The report is to be distributed today to full-time faculty, elected student leaders and some alumni for comment. The commission may modify the report to reflect those comments. A final report will be given to Jenifer in January. The president will take his recommendations to the Board of Trustees in February.
LaSalle D. Leffall Jr., an oncological surgeon and chairman of the Department of Surgery at the Howard University College of Medicine, was chairman of the 34-member commission. Other members included Marian Wright Edelman, president of the Children's Defense Fund; lawyer Vernon E. Jordan Jr.; Delano E. Lewis, president and chief executive officer of Chesapeake & Potomac Telephone Co.; Eleanor Holmes Norton, D.C. delegate-elect to Congress; and A. Barry Rand, president of the United States Marketing Group, Xerox Corp.
The commission recommended that Howard toughen undergraduate admissions, requiring a minimum score of 1,000 on the Scholastic Aptitude Test. That standard would give Howard the highest minimum SAT requirement among historically black colleges, based upon admission information from the schools.
In 1990, the national average score on the SAT was 900, according to the College Board; for blacks, the average SAT score was 737. At Howard in 1989, about 50 percent of the incoming freshmen scored less than 1,000 on the SAT.
Graduation requirements would be stiffened too, if the recommendations are followed. Howard students would have to pass competency tests in English, foreign language, math, computers and communication skills. Those requirements, the commission said, would prepare them to enter a work force where they will need "the highest order of skills in language, mathematics, the use of computers and the ability to think critically and communicate effectively."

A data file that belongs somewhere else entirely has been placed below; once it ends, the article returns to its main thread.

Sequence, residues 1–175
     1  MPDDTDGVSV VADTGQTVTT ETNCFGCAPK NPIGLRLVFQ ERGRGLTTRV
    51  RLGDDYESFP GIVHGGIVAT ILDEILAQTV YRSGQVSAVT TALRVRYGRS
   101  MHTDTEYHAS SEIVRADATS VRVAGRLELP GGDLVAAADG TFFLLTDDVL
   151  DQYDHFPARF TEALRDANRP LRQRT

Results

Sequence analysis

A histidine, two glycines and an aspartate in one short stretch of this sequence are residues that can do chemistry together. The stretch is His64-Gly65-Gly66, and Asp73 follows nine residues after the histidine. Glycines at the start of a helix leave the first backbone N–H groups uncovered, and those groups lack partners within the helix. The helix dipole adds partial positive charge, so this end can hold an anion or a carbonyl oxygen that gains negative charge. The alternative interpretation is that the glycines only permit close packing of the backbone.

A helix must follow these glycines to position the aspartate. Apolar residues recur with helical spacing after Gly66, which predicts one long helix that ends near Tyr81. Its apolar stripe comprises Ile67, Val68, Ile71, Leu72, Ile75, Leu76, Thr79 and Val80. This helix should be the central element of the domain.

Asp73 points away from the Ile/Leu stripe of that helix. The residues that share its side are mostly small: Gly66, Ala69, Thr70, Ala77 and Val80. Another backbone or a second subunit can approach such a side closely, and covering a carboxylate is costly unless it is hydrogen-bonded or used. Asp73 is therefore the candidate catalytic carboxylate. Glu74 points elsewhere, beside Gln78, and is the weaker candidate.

The panel reviewed each of Howard's 18 schools and colleges, sometimes offering biting criticism.
The commission recommended ending most programs offered by the School of Human Ecology. In fall 1989, the school enrolled 600 students in programs such as consumer science, human development, and human nutrition and food. Human ecology students had the lowest SAT scores at the university, the report said, and some of its programs essentially amounted to vocational training.
The commission said the university should close the colleges of Allied Health Sciences, Nursing, and Pharmacy and Pharmacal Sciences and consolidate their programs in a new School of Health Professions. The School of Education also should be closed, the report said, but some of its programs should be transferred to the College of Liberal Arts.
Howard also should establish institutes for Asian, Latino and Islamic studies, the report said.
The commission also recommended that the university upgrade its men's basketball program, saying that "a nationally ranked team should be attainable and feasible."